Weston was reported by Hooper to have obtained a commission in May 1554 to establish a disputation, despite its illegality. 1570, p. 1687; 1576, p. 1440; 1583, p. 1513.

On 21 March 1555 Bradford talked with Dr Weston, after being told of Weston's intention to visit via the earl of Derby's servant (when master Collier, Warden of Manchester had come to dinner at the Counter). 1576, p.1536. Bradford and Westo spoke to each other in the presence of Master Collier, the earl of Derby's servant, the subdean of Westminster, the keeper (Master Clayden), and others. 1570, 1799-80, 1576, pp.1536-7, 1583, pp.1619-20.

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On 25 February, at about 5pm, Master Weston visited Bradford and asked to speak with him in private. When the two men were alone, Weston thanked Bradford for his writings to him and then produced the work that Bradford had sent him. It was entitled, 'Certayne reasons againste Transubstantiation gathered by John Bradforde, and geuen to Doctour weston and others'. 1563, p. 1212. They discussed transubstantiation. 1563, pp. 1211-12, 1570, pp. 1801-2. [In 1570 this meeting is dated as the afternoon of 28 March].

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On 25 February (1563) or 28 March (1570 onwards) Weston told John Bradford of Grimald's recantation. 1563, p. 1212, 1570, p. 1801, 1576, p. 1538., 1583, p. 1621.

Bradford's reasons against transubstantiation were given to Weston and others. 1563, pp. 1211-12, 1570, pp. 1800-1, 1576, pp. 1537-38, 1583, pp. 1620-21.

On 5 April, at 2pm, Weston went to visit Bradford in the Counter. Weston had not visited him earlier due to ill health and also because he had been busy withstanding monks from entering Westminster. He also thought that Pendleton would be coming to see him. Weston told Bradford that the pope was dead and that Weston had petitioned the queen and so thought that death would not come to Bradford soon. 1570, p. 1802, 1576, pp. 1538-39, 1583, pp. 1621-22.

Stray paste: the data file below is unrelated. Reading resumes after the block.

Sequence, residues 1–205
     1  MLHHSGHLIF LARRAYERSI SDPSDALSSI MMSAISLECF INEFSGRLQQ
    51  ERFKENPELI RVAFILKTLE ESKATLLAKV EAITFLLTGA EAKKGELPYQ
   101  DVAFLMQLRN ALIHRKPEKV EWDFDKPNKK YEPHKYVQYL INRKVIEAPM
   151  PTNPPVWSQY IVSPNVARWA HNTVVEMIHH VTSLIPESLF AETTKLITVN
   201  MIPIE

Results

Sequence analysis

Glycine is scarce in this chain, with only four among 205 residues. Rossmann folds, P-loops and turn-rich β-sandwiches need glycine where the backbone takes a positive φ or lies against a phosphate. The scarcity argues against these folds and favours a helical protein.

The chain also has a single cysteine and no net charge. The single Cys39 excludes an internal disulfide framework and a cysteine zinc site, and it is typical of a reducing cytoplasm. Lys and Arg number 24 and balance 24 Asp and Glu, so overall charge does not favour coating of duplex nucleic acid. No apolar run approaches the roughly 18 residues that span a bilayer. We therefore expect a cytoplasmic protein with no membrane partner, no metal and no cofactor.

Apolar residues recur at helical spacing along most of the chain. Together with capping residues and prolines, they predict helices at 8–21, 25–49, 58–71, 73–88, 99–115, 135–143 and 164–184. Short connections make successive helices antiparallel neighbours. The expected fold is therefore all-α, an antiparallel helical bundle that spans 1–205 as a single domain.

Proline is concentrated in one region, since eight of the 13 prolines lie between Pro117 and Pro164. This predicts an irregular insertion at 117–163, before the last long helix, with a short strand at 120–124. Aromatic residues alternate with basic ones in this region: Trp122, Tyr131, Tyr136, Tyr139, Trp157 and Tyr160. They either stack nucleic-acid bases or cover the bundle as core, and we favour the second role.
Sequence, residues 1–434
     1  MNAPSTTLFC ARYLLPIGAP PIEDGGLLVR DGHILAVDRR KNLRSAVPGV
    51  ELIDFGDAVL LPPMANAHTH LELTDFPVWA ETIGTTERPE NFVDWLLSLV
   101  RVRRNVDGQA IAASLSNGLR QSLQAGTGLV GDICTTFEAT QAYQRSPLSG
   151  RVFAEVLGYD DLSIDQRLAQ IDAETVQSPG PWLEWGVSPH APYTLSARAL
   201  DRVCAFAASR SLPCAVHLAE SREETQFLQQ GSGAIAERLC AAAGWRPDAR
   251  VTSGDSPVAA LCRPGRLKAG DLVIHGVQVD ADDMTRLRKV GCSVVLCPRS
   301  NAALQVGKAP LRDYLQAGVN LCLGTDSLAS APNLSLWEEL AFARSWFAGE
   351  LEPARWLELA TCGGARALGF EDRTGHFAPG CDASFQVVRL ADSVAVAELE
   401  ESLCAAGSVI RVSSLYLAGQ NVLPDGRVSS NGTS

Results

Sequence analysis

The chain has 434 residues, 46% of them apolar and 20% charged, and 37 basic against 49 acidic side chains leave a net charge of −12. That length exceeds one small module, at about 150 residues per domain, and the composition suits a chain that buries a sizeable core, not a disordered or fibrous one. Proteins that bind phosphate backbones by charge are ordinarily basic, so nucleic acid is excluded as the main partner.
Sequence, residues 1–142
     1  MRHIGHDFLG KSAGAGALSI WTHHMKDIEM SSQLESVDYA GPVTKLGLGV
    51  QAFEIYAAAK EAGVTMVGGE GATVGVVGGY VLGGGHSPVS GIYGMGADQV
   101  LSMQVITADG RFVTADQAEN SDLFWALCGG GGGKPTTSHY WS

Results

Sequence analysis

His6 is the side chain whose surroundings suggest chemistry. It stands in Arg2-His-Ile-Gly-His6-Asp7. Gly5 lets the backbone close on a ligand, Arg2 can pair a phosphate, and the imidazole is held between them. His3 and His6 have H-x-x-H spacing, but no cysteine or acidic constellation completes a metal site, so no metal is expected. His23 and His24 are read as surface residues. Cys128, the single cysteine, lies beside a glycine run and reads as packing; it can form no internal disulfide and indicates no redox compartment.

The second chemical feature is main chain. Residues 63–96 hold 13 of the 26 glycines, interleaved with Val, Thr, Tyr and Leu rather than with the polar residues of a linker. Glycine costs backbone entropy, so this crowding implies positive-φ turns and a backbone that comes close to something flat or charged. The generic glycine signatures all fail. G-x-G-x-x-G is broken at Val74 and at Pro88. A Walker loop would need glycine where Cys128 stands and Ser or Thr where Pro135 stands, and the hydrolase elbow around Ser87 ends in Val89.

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As Weston left Bradford on 5 April, he set for Master Weale. 1570, p. 1802, 1576, p. 1539, 1583, p. 1622.

After Weston left Bradford on 5 April, the keeper, Master Claydon, and Steven Bech came to Bradford and spoke unkindly to Bradford even though they had hitherto appeared to be friendly to him. 1570, p. 1802, 1576, pp. 1538-39, 1583, pp. 1621-22.

Weston was one of the audience at the re-examination of Ridley and Latimer and interjected a question. 1563, p. 1363; 1570, p. 1926, 1576, p. 1652, 1583, p. 1761.

Philpot's eleventh examination, on St Andrew's day, was before Durham, Chichester, Bath, Bonner, the prolocutor, Christopherson, Chadsey, Morgan of Oxford, Hussey of the Arches, Weston, John Harpsfield, Cosin, and Johnson. 1563, pp. 1425-34, 1570, pp. 1986-92, 1576, pp. 1710-15, 1583, pp. 1817-22.

Cranmer was condemned by Weston and others of the university. He was committed to the mayors and sherriffs of Oxford. 1570, p. 2047, 1576, p. 1765, 1583, p. 1871.

Hugh Weston displeased Pole for being willing to give up his deanery.

Weston was caught committing adultery and appealed to Rome for clemency.

He died after Queen Mary. 1563, p. 1707, 1570, p. 2301, 1576, p. 1992, 1583, p. 2102.

Person and Place Index  *  Close
John Hooper

(d. 1555)

Bishop of Gloucester and Worcester. Martyr. (DNB)